By Adam Lucas
RALEIGH—Around midway through the first half, Roy Williams had enough.
Providence had come into the second-round NCAA Tournament game with the clear intention of agitating the Tar Heels. A recent national story quoted an anonymous opposing coach as questioning Carolina’s toughness. “It’s like a country club,” is what he said.
The Friars might not admit to it. But you could tell they felt the same way. They pushed. They held on a second longer than might have been necessary. Kris Dunn jawed from the moment he made his first shot. Ben Bentil was going back and forth with Theo Pinson.
And you could feel the Tar Heels getting caught up in it. With about four minutes to play in the first half in a tie game, Brice Johnson blocked a Providence shot with extreme prejudice.
Johnson didn’t really block that shot. He terminated it. Abolished it. Annihilated it.
It was obvious, then, that the Tar Heels had a little aggression they needed to release. The game officials noticed, and had a quick discussion with Williams. The head coach had a simple message for his team during the ensuing timeout, which was presumably needed to reinflate the basketball after Johnson’s assault on it.
“The refs are telling me some guys are talking too much,” Williams told his team. “We don’t do that. Just be us.”
And then that’s exactly what they did on the way to a deceptively easy 85-66 win that advances the Tar Heels to the Sweet 16 for the second straight year.
We still don’t know, perhaps, what the real “us” is going to be. But we know this for sure: it’s not the team Providence thought it was. It’s not country club. It’s not “cute,” as Joel Berry said one Friar trash-talked him. It’s not soft.
"People talk about us,” said Isaiah Hicks, who spends most of his road trips sleeping quietly in his hotel room and the other portion barreling through opposing post players in the paint. “They said in the ACC Tournament we were soft and couldn’t finish. We just use that as fuel. We’re not the same team that was called soft.”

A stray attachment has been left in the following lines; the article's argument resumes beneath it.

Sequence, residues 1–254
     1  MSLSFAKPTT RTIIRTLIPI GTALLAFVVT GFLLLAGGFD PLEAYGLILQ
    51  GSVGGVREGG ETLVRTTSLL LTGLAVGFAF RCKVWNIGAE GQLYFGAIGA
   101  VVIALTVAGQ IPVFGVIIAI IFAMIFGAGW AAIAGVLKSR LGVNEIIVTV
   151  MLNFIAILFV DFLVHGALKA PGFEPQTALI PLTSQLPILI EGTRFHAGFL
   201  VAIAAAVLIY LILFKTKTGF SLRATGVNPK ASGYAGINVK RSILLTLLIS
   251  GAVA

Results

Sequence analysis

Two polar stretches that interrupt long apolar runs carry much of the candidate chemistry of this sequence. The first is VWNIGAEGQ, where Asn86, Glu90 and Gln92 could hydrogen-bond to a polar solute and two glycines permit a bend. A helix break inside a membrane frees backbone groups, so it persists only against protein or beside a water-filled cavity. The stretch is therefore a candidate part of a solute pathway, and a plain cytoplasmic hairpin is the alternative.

Then they went out and proved it. Providence was busy trying to win the game with two very talented players, Bentil and Dunn. They tied it at 41 early in the second half, and then the Tar Heels ripped off a 9-0 run, with four different players scoring during the spurt.
That’s a more accurate depiction of this team. Late in the game, Carolina had two beautiful possessions of ball movement, once when Marcus Paige fed Isaiah Hicks in transition, who then dropped it to Justin Jackson for an easy hoop. A couple minutes later, Hicks went sprawling out of bounds to save a loose ball, and almost blindly found Jackson with a one-handed pass for another easy basket.
Bentil fouled out, by which point he had run out of words. Even his trash talk had turned complimentary. At one point, he barked, “Their bigs can’t guard me, only Theo can guard me!” Thanks…I guess?
Dunn was eventually removed to a nice salute from the Providence crowd. That gave the Tar Heels a chance to continue being themselves on a happy bench, backed by a very supportive Raleigh crowd. With 15.6 seconds left and Quadree Smith at the free throw line, Williams asked his bench—which contained virtually every member of the regular rotation, who had long since been removed from the game—“Who had the best defensive play of the game?”
There was a pause. This is a question you want to get right. And by right, that means coming up with the same answer as Williams.
“It was Isaiah,” said Nate Britt, just a beat before Williams himself singled out Hicks for staying down on a shot fake earlier in the game.
“If Brice or Theo had been guarding him, they would’ve fouled the guy six times apiece,” the head coach said. Williams and Britt shared a laugh at their single-mindedness.
“Coach Williams told me, ‘You get a plus,’” Britt said, referring to the treasured plus points that get players out of post-practice sprints.
“How many?” Britt, the savvy veteran, replied. Hey, it was an NCAA Tournament victory. It was worth taking a chance at being greedy.
“Five,” the head coach unexpectedly said.
This sent the bench into disbelief. “I thought five was a little excessive,” Pinson said. Britt immediately yelled down to head manager Forrest Reynolds, who refused to believe the head coach had actually granted five plus points at one time. Williams and Britt slapped hands with wide grins.
Johnson tracked down the game ball, cradling it all the way to the locker room, holding it during the postgame celebration, and then stuffing it into his backpack for the short trip back to Chapel Hill. He'd been so harsh to the ball in the first half, he probably felt like he owed it a happy home.
Plus points were being freely distributed. Game balls were being treasured. It was a festive scene. There was no trash-talking, no showing up of the opponent. They’d been tough when they had to be. Now they could just be us.